Alastair Cook is enjoying the competitive nature of the team’s training sessions as the players battle for selection ahead of the clash with Australia A in Hobart tomorrow.
The England skipper has dangled a carrot to every player in the touring party by admitting he is unsure of two spots in his first-choice side with the opening Ashes Test against Australia in Brisbane drawing ever closer.
It has kept the whole squad on their toes with every net session a chance to prove why each indivudual is deserving of a place as England aim for a fourth consecutive series victory against the Aussies.
And it has made Cook, who is expected to make his first appearance of the tour in the four-day game after overcoming a slight back strain, a keen observer.
“We haven’t decided on our batting line-up,” he said. “We’re unsure of pretty much two places and it’s exciting as everyone in the squad knows that and the competition is there.
“Watching that competition grow between players is an exciting place to be. If someone grabs that opportunity he’s going to find himself in a good place.”
England have also changed tactic slightly from their previous tour, when the names of the starting XI were widely known.
The warm-up games were therefore used to build up match sharpness for the first-choice players, whereas this time squad members are striving for a starting slot.
“This is very different to 2010-11 where we came here and it was very clear to see what our first choice side was,” said Cook.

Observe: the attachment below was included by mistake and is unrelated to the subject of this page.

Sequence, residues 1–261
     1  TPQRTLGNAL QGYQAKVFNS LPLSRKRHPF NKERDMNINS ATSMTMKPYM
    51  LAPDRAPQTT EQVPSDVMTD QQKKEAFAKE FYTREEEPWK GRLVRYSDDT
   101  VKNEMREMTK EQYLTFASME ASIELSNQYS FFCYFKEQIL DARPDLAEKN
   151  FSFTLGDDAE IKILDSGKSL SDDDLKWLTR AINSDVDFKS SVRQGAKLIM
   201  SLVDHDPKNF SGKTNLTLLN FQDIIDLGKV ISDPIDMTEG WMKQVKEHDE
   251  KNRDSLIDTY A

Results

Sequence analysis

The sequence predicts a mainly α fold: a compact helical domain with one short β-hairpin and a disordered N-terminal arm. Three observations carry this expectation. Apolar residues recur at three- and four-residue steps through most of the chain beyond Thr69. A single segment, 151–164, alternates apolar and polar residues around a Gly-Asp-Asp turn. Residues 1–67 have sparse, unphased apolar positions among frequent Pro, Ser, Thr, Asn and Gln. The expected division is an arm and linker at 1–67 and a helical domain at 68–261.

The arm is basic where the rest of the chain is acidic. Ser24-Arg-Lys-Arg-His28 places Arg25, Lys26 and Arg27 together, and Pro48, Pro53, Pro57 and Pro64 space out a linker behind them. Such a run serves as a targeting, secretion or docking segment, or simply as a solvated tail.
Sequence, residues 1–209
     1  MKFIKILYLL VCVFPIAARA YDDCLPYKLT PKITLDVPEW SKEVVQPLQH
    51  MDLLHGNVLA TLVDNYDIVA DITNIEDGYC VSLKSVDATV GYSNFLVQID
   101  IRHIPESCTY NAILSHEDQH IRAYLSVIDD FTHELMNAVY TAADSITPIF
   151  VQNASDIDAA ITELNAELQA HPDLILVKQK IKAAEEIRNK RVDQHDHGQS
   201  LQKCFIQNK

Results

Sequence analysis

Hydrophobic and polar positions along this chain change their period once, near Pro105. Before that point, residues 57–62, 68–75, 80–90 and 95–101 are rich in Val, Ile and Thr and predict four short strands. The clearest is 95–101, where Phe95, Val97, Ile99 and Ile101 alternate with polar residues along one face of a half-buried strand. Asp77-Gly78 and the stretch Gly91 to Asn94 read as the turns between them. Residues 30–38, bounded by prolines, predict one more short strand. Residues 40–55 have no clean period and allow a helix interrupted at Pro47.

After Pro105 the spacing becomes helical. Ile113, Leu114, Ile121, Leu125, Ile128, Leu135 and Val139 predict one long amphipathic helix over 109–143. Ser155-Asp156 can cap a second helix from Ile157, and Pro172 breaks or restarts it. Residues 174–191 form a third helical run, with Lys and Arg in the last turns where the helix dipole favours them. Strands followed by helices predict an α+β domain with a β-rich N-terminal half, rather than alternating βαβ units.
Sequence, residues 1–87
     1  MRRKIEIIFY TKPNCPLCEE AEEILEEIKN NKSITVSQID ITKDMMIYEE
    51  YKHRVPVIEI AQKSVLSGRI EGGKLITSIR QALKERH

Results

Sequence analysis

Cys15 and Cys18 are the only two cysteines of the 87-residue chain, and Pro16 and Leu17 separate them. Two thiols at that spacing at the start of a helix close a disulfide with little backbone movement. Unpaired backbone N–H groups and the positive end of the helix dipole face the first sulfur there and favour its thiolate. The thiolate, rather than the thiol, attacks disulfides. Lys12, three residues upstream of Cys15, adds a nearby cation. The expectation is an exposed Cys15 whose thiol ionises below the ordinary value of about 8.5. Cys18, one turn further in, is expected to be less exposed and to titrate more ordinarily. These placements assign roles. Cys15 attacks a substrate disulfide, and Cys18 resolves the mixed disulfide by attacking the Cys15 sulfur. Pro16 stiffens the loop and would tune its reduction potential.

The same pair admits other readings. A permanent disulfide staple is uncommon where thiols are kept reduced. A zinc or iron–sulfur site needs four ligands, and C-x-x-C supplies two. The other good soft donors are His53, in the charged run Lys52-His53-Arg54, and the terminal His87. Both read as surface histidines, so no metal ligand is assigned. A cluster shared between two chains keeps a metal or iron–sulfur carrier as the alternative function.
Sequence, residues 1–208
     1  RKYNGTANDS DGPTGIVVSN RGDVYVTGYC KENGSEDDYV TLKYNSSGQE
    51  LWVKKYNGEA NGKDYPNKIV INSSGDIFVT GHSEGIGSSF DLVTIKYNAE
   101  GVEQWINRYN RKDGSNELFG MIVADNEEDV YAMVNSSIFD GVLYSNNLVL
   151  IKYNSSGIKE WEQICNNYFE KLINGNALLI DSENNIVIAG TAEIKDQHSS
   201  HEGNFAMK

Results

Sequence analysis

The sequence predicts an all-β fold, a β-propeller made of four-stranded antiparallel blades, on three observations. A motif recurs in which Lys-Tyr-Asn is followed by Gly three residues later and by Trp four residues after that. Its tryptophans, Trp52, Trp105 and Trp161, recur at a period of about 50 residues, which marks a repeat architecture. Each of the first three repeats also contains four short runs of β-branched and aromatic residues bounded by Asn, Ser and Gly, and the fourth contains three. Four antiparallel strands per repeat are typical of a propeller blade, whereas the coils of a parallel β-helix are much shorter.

“In that tour we played the first two warm-up games as that Test match XI. (This time) we probably won’t play our best XI until that first Test match just because we are in a different situation.”
Cook has come under fire from in the build-up to the series, as the hosts try and unsettle a touring party aiming for back-to-back victories Down Under.
The batsman’s skills as a leader have been questioned, but the skipper has defended his captaincy record and has told the new players in the squad that this is what they can expect in every high-profile series.
“In my first year as a captain we’ve won away in India, which hasn’t been done for a long period of time, and won a series against Australia and I think they are things we can be very proud of,” he said.
“I think one of the skills you need as an international cricketer compared to a guy who just plays county cricket is having to deal with this situation.
“There’s a lot more interest in what’s going on in the international game and how you handle yourself certainly is whether you make the grade or not.
“Over a long period of time I feel I’ve handled it pretty well."